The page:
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U.S. U-23 Men's National Team Notes from Mexico


HOLA, GUADALAJARA!: The U.S. Under-23 MNT players and staff gathered  in Chicago's O'Hare International Airport late Sunday morning before departing for a direct flight at 2:35 p.m. to Guadalajara via Mexicana Airlines. Located about 2.5 hours northwest of Mexico City and four hours up the Pacific Coast from the beaches of Acapulco, Guadalajara is the second largest city in all of Mexico, boasting approximately four million residents. After settling in Sunday night at the elegant Hotel Presidente Intercontinental, the U.S. team went through a lengthy practice Monday morning at the Los Olivos training facility, an impressive 6-field oasis smack in the middle of an "unsavory" neighborhood (case in point--the team bus was momentarily stopped when a woman walking across the street decided to stop in the middle of the road and do a handstand and hold it for about four seconds as her son looked on with glee). Los Olivos is the official practice site of Mexican pro clubs Toluca and Cuhatlan, as well as the Mexican National Teams when they are in the city. On Tuesday, the team will have a one-hour training session at Tres de Marzo at 7 p.m. after a light jog in the morning. After originally being scheduled for the city of Leon at 8 p.m., Wednesday's match will be played at 7 p.m. (CT) in Guadalajara at Estadio Tres de Marzo, which has a capacity of 22,000. The game is expected to be televised locally, but will be competing with the Liga Mexicana All-Star Game, which will feature Mexican players vs. the Rest of the World (a la past MLS All-Star Games) and be broadcast live from Monterrey.

MARTINO, E. JOHNSON INJURED IN MLS ACTION, REPLACED BY TESTO, MAPP: After the original 18-man roster was announced on Friday, two changes had to be made as two key players went down with injuries during Saturday night's MLS action. Columbus Crew playmaker Kyle Martino suffered a groin pull, while Dallas Burn forward Eddie Johnson pulled a hamstring. Replacing them on the trip roster are Chicago Fire midfielders Justin Mapp, whose participating in just his second U-23 camp, and midfielder David Testo of the A-League's Richmond Kickers. With these changes, 14 of the 18 players on the final roster compete in Major League Soccer, with only defenders Oguchi Onyewu (FC Metz -- France), Alex Yi (Royal Antwerp -- Belgium), and Chris Wingert (St. John's University) and Testo not playing in the Div. I domestic league. Below is the final 18-man U.S. roster, listed by position with pro club or college in parantheses:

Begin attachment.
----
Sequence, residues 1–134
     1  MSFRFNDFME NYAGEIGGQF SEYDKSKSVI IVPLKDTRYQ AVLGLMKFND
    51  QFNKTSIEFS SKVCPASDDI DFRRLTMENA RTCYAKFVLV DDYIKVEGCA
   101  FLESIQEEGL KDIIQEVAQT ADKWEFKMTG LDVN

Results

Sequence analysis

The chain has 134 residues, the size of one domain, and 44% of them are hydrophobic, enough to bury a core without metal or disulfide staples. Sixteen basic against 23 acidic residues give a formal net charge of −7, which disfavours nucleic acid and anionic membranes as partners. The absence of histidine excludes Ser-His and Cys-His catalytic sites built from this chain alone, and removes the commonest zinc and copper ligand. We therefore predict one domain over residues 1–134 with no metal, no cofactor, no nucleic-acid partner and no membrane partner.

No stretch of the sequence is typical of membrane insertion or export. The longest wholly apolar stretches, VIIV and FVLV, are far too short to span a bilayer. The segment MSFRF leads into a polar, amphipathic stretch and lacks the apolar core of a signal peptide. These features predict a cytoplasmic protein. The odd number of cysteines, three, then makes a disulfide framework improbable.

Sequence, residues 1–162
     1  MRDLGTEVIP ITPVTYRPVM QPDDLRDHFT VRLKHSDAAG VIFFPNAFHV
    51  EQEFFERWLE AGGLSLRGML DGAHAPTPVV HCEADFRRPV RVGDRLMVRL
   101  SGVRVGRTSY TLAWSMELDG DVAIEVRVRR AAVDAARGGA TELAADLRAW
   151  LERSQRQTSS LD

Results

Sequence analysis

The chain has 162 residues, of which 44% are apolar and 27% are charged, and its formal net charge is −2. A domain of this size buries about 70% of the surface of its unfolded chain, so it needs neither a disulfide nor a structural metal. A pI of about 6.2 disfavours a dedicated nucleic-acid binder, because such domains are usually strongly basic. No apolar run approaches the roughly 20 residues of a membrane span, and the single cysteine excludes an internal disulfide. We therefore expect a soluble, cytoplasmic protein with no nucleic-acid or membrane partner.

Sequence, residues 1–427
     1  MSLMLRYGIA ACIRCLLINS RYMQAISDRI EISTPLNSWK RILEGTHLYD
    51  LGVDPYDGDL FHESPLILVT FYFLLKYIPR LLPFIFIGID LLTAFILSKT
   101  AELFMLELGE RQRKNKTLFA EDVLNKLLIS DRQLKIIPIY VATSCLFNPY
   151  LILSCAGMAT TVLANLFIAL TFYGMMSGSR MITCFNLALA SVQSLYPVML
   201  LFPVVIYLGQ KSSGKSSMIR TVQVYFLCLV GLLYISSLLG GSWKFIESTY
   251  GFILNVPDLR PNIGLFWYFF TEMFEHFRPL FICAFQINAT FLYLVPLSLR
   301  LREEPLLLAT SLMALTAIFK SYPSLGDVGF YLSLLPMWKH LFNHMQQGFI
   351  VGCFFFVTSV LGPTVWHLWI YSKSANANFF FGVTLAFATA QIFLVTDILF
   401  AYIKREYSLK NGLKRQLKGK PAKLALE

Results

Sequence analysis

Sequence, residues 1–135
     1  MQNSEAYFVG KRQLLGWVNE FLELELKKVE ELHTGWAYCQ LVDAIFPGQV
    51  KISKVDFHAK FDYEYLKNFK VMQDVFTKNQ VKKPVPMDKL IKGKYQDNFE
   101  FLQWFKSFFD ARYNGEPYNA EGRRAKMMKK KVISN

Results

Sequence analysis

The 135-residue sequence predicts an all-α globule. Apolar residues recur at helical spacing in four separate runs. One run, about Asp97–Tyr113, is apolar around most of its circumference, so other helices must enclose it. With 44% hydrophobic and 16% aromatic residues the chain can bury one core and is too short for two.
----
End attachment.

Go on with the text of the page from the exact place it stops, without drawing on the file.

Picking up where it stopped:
Goalkeepers (2): D.J. Countess (Dallas Burn), Doug Warren (D.C. United);
Defenders (6): Kelly Gray (Chicago Fire), Ricky Lewis (L.A. Galaxy), Oguchi Onyewu (FC Metz -- France), David Stokes (D.C. United), Chris Wingert (St. John’s University), Alexander Yi (Royal Antwerp FC -- Belgium);
Midfielders (7): DaMarcus Beasley (Chicago Fire), Kyle Beckerman (Colorado Rapids), Brian Carroll (D.C. United), Ricardo Clark (MetroStars), Justin Mapp (Chicago Fire), Logan Pause (Chicago Fire), David Testo (Richmond Kickers);
Forwards (3): Landon Donovan (San Jose Earthquakes), Alecko Eskandarian (D.C. United), Nate Jaqua (Chicago Fire).

PLAYIN' WITH THE BIG BOYS: A total of six players on the roster for Wednesday's U-23 battle -- two from the U.S. and four from Mexico -- made their respective team's final 18-man roster for the highly-anticipated "Revancha en la Cancha" last Thursday between the full Men's National Teams of the USA and Mexico in Houston. Both Landon Donovan (San Jose Earthquakes) and DaMarcus Beasley (Chicago Fire) started and played a full 90 minutes as the U.S. recovered from a sluggish first half to even out play in the second and battle to a 0-0 draw in front of 69,582 fans at immense Reliant Stadium. Donovan and Beasley both figured in good scoring chances, with the Chicago Fire midfielder edging his long-time U.S. teammate for Chevrolet Man of the Match honors. On the opposing side, crafty forward Adolfo Bautista started and played 82 minutes, making an impact on several dangerous scoring chances, turning defenders with sharp cutback moves and firing a bicycle kick from about 10 yards out that was saved by U.S. MNT goalkeeper Tim Howard. Midfielder Alberto Medina entered the match in the 59th minute to replace Omar Bravo, while goalkeeper Jose de Jesus Corona and midfielder Eduardo Rergis were left on the bench after Lavolpe made all five of his available substitutions by the 82nd minute.

MEXICO U-23 MNT ROSTER: Below is Mexico's final 20-man roster, listed by position with pro club or college in parantheses:
Goalkeepers (2): José de Jesús Corona (Atlas)*, Cirilo Saucedo (León);
Defenders (4): Leonel Olmedo (San Luis), Jaime Duran Gómez (Atlas), Hugo Sánchez (Tigres), Fasto Pinto (Pachuca);
Midfielders (10): Cosme Castro (Puebla), Jose Joel González (Atlante), Joel Adrián Huiqui Andrade (Cruz Azul), Diego Ramírez (Atlante), Juan Jose de la Cruz (Atlas), Juan Pablo García (Atlas), Alberto Medina (Guadalajara)*, Christian de la Mora (Cihuatlan), Miguel Andoni Hernández (Tecos), Eduardo Rergis (Atlante)*;
Forwards (4): Adolfo Bautista (Morelia)*, Ismael Iñiguez (Monarcas), Ismael Rodríguez  (Monterrey), Juan Alberto Esquivel (Atlas).
*made the final roster for the full Mexico MNT for May 8 match versus USA in Houston